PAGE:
Retiring early is an idea that appeals to lots of people. Financial planners say that at least half of their clients mention early retirement as one of the favoured goals. Why is it such a major draw? There are usually two reasons:
One - they want to be financially self-sufficient by a much earlier date, so that they can disengage from the rate race. They may want to continue working, but without any financial pressure on them.
Some want to work part-time as consultants,which would leave enough time for relaxation or to pursue other interests.
Two -they just want time to relax and enough enough to see the world; do social work or pursue hobbies without worrying about money.
So, it's essentially about two things. They are fed up with the rat race, want to accumulate money fast and opt out. The other is that they want to pursue some hobbies or other interests and need time for that.
It has almost become a fad now. But, most of the time people are not truly financially secure by they time they want to retire.
There are also cases where the person intends to retire at a particular age and even achieve financially security by that time. But when they finally hit that age, they don't want to retire. That is because they add some aggressive goals since they make the initial financial plan.
So, there are cases of people who are never able to get off the tread mill, though they intend to. But it is a comforting feeling for them to know that they are financially secure and can live without worry.
Are your prepared?
The other reason why they leave - to pursue hobbies, do social work and so on. For most, it looks like the ideal thing to do. But, many don't think it through properly and it remains just an idea.
When people are asked to imagine what they will do 24 hours of the day after retirement, at first they are enthusiastic. But when they actually start thinking about it or write down on paper how they will spend their time, that's when they realise how much they would have and how bored they could get.
One commonly expressed desire or thought is to teach in villages or do social work. But often these are people who have never taught in their lives and do not know what it entails. They don't understand, for instance, that teaching is not for everyone. Also, if they have expertise in a specialised area, will it not be more useful to assist or mentor people in those areas? This may result in more satisfaction as they would be passing on their expert domain knowledge to others, ensuring that their knowledge, experience and expertise is not lost forever.
Similarly - social work. For most people, this again looks like the correct thing to do, as they feel that they have got so much from the society and would like to give back something. Again, the sentiment is fine and laudable. But lots of people find to their surprise that social work is not their cup of tea.
Even people who simply want to relax or pursue hobbies find that there is simply too much time on their hands.
Retirement is seen as the time for enjoyment and rightly so, as one has worked the entire life and deserves a peaceful and relaxed life, after retirement. But boredom catches on and many find that after a few months, travel, hobbies, social activities and so on do not have the same attraction to them, as it initially did.
Another problem faced by early retirees is that their contemporaries are still working and, hence, don't have the time for them. At some point the early retirees start questioning their decision. And then, when it appears to them that it is a mistake, they want to get back to work. Getting back is a lot more difficult. So, they start doing some assignments, where possible, or do work which is far lower than the one they were used to. All these are stress points for them.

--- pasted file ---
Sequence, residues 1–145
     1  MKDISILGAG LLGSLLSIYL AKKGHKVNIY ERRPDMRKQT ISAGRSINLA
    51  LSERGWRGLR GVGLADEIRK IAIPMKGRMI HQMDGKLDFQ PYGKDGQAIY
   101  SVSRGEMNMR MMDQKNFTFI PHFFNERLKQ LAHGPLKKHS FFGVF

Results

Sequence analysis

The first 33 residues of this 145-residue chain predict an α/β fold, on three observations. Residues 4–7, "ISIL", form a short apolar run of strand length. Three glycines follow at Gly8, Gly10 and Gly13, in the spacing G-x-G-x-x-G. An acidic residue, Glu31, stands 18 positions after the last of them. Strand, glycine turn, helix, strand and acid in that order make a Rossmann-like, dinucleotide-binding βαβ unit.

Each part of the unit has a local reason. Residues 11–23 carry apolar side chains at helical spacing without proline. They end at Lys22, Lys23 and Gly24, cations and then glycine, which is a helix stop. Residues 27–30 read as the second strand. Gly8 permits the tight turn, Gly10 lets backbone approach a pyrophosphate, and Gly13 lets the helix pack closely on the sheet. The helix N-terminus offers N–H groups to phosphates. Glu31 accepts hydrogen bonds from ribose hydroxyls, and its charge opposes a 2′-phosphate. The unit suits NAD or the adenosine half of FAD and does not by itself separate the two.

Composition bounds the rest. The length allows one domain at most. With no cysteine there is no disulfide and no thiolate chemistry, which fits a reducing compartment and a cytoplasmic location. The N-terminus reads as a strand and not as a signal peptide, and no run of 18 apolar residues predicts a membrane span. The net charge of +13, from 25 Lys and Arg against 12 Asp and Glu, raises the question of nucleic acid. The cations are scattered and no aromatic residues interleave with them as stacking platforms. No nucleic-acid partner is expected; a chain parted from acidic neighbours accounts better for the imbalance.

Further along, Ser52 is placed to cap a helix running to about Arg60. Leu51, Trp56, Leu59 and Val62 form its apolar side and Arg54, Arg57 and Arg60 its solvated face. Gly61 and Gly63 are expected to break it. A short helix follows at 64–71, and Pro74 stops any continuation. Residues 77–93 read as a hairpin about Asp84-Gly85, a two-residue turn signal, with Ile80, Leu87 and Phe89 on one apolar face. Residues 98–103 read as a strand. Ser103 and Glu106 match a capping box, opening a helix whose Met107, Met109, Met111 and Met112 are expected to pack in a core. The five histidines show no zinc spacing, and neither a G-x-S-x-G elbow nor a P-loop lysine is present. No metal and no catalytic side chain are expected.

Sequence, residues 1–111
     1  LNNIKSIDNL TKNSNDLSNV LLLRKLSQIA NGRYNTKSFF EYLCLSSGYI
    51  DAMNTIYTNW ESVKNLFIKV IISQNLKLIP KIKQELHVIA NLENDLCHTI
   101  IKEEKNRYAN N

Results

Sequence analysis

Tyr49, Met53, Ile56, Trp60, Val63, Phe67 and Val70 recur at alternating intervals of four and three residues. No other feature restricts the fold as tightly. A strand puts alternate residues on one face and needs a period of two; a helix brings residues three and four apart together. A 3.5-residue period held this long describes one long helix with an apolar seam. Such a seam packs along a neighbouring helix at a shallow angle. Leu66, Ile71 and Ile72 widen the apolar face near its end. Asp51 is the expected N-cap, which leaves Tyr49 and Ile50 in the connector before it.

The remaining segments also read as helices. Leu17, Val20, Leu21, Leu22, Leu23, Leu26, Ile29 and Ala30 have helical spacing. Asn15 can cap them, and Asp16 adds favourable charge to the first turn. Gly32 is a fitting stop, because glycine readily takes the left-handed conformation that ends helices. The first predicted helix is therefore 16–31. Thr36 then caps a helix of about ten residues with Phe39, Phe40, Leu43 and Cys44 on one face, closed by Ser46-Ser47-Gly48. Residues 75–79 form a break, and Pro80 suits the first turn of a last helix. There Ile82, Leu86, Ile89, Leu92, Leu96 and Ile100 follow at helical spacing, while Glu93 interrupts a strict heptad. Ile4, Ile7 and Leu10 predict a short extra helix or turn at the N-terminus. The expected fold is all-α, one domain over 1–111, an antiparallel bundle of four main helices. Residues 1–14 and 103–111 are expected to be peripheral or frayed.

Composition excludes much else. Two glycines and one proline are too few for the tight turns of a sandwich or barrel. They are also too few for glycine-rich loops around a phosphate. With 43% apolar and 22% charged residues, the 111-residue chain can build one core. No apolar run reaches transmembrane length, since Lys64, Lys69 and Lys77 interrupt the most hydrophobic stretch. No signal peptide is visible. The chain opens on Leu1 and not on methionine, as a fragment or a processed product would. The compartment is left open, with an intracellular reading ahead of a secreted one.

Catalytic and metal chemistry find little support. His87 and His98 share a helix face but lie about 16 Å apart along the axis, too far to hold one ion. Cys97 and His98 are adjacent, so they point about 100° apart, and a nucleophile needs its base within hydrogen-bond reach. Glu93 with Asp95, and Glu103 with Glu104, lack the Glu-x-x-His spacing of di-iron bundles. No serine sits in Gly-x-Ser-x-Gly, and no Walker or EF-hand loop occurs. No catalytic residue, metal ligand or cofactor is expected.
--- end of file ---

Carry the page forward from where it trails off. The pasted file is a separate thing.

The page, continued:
Preparing for retirement - Whether it is early retirement or retirement at superannuation, one needs to prepare for the day of reckoning.
There are ways to be meaningfully involved in cultural, social, religious and personal work in retirement. One needs to be able to identify, what one wants to do in retirement.
For that, it is better to try them out and see if they really would be interesting. It would be a good idea for people to start trying out things they plan to do in retirement, a couple of years before retirement. For instance, if they want to purse golf more actively after retirement, they should play that round of golf a bit more frequently and see, if it grips them. Join a club and participate in tournaments on a regular basis.
Or those who want to do social work should try their hand at teaching or doing other work in the weekends and find out if the attraction is for real. Lot of these things might look interesting initially. So they should try it out for at least six months and then see, if the activity will be a good one to pursue in retirement. Lot of seemingly great pastimes, fall by the wayside, when subjected to this discipline.
Similarly, many would like to relocate to their villages after retirement. City dwellers find it very difficult to adjust to the perceived charm of the villages, which look alluring, when one goes on a short visit. Actually living there exposes one to the harsh realities - like lack of medical facilities, power cuts, voltage fluctuations, lack of entertainment avenues, disconnect with the people living there and so on. So in such cases one should try it out for about six months. Stay on rent before shifting shift lock, stock and barrel.
Ultimately, we all need to figure out some activities that will interest us and keep us engaged. Else, the retirees end up watching TV and spend the rest of the time in sheer boredom.